Thursday, November 17, 2011

WASP Sylvia Dahmes Clayton, 43-W-5 Nov. 12, 2011

When asked, other than your family, what is the one thing are you most proud of,   Sylvia Clayton answered, 
"Being a WASP and winning my wings."  

On November 12, 2011, WASP Sylvia Dahmes Clayton took her final flight,  flying higher than she had ever flown before where, "earthy limitations will hinder her no more."

Sylvia was born January 20, 1920 in Redwood Falls, Minnesota,  to Freida Otto and Robert Oliver Dahmes.     Shortly before her birth,  the family purchased a 160 acre farm.  Sylvia and her older brother and younger sister grew up learning how to feed the chickens, pick apples,  weed the garden,  and play in the grain as the threshers moved through the wheat fields.

Sylvia began elementary school in a one room country school house, where grades one thru eight were taught at the same time.  The outhouse was in the back, and school lunch was at their desks, with whatever they brought in their lunch pails.   To get to school during the frigid Minnesota winters, her dad would hitch up two horses behind a 'cutter' sled,  and her mom would heat bricks and wrap them up for the bottom of the sled to keep the children's feet from freezing. 

In 1937, when Sylvia was a junior in high school, her father died, leaving her mother to fulfill his promise that all three of their children would finish college.  Sylvia graduated as high school valedictorian and began her first year of college at the NW Institute of Medical Technology.  After her freshman year,  during the summer, her brother was invited to join the CPT (Civilian Pilot Training) program at his college. He convinced his sister she needed to learn to fly as the one girl allowed to sign up for the program.  After transferring her credits to be closer to home, she applied for the program, passed the physical,  and began learning to fly.   Her first solo was on a little grass field with cattle running on it. Her  instructor told her,  "If you can't miss the cattle, you have no business being a pilot."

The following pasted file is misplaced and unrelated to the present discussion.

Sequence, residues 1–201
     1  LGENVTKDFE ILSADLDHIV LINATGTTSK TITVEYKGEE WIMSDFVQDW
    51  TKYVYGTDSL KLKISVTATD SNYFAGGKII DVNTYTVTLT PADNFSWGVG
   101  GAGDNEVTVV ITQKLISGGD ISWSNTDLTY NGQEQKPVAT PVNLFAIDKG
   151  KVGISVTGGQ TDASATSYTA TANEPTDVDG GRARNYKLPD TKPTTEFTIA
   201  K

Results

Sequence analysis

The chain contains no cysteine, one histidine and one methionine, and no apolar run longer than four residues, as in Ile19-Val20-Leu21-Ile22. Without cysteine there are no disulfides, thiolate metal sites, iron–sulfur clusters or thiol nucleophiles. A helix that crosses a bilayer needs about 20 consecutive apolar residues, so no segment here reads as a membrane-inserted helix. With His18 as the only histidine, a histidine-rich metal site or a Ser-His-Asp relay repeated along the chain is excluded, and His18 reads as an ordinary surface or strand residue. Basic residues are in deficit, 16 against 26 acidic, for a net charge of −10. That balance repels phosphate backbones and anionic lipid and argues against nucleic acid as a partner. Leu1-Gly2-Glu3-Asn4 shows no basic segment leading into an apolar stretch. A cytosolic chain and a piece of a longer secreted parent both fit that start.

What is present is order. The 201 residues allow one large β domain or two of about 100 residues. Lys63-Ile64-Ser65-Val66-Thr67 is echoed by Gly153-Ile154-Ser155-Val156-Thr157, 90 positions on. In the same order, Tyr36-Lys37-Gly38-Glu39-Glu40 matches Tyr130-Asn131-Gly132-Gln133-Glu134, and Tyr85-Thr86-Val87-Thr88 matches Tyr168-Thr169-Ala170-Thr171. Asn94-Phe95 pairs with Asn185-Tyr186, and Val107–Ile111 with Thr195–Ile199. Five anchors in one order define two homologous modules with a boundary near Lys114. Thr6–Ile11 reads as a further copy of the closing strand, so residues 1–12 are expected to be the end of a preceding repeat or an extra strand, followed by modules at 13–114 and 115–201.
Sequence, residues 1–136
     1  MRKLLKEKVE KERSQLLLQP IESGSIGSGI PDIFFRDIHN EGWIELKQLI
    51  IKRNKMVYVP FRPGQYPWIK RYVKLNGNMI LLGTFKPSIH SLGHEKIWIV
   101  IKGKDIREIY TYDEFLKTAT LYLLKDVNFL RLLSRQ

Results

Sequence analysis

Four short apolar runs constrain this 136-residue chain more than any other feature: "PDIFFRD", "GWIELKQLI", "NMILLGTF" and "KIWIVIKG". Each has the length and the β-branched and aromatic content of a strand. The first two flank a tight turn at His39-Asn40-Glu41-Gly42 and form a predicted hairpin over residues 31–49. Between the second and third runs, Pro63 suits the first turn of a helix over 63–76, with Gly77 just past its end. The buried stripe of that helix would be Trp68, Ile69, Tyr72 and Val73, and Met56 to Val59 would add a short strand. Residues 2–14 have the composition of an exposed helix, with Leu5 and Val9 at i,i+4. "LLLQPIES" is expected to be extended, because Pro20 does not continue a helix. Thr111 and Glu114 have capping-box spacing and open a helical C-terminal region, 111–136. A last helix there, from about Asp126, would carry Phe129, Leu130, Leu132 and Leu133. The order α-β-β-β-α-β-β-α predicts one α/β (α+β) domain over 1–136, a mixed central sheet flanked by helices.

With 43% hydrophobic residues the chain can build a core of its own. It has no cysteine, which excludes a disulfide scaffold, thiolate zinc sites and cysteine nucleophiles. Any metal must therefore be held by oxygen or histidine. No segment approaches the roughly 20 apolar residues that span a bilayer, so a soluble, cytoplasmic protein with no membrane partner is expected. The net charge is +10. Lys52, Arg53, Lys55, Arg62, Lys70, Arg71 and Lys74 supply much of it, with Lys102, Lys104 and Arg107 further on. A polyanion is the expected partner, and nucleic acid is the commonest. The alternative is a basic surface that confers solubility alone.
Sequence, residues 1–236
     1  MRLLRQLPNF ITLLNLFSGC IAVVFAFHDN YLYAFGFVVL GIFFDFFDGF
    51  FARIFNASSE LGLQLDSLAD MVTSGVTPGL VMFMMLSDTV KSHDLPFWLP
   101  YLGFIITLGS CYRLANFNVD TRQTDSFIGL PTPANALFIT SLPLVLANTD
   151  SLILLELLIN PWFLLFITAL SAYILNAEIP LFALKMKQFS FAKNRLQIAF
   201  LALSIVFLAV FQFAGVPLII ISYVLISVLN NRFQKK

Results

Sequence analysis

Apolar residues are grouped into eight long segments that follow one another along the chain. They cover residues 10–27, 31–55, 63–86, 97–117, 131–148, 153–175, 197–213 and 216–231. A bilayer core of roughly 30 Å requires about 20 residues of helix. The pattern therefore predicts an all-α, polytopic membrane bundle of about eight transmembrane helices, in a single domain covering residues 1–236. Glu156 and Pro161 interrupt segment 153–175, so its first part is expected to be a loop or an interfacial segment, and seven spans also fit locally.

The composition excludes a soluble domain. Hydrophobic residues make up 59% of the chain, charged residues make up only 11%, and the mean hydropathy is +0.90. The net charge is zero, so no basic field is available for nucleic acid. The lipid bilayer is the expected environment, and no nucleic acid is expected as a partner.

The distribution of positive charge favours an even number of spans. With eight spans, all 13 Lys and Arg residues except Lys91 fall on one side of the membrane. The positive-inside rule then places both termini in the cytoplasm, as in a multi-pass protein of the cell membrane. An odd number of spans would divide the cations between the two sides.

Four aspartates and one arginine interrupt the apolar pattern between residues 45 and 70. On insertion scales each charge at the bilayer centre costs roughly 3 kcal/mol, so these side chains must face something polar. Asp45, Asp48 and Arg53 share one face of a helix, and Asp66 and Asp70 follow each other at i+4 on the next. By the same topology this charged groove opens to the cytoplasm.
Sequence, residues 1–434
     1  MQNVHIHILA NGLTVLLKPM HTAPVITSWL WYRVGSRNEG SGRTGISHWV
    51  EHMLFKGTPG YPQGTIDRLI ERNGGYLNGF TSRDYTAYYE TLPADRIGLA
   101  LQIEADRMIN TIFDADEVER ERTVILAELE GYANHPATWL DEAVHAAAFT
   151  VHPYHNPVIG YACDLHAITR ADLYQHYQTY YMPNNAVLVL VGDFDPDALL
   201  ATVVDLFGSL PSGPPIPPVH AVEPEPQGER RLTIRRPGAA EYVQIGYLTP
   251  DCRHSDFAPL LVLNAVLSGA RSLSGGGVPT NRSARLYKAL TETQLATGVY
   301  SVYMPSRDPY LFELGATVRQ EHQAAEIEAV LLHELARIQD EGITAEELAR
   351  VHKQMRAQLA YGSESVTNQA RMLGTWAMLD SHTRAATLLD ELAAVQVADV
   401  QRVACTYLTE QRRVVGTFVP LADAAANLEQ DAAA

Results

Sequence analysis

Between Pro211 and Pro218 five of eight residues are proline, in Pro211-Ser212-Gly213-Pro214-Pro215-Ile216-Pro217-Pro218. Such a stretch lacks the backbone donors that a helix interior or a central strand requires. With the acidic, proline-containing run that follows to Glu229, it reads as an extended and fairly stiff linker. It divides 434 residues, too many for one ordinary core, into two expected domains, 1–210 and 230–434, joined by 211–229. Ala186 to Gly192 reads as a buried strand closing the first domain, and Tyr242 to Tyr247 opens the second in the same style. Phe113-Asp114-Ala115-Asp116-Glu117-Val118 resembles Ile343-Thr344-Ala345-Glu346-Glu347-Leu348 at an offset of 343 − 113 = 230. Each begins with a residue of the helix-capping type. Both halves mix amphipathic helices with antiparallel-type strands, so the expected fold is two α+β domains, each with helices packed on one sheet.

After earning her BA from Western Union College in Ames, Iowa in 1942, Sylvia began working as a medical technician at Harper Hospital in Detroit, Michigan.  She continued to build up her flying hours and, eventually, joined the Civil Air Patrol. It was then she learned about the WASP program.

She applied,  was accepted into the class of 43-5,  and ordered to report to Avenger Field, Texas on March 23 at her own expense.    After successfully completing the training program, Sylvia graduated, earning her silver WASP Wings.  She  was then assigned to the 3rd Ferrying Group based at Romulus, Michigan as a ferry pilot.  She was soon selected and was temporarily assigned to attend pursuit school.  After graduating, she returned to Romulus.  

As a ferry pilot,  Sylvia  picked up planes in Montreal and flew them to Fort Dix, New Jersey, where they were ‘packaged’ and sent  overseas. She also flew new planes to and from modification facilities, delivering them to training bases or ports of embarkation.  During her service as a WASP, Sylvia flew the PT-19, BT-13, AT-6, UC-78, L-2 & 5,  P-39, P-40, P-47, P-51, P-63 and C-47.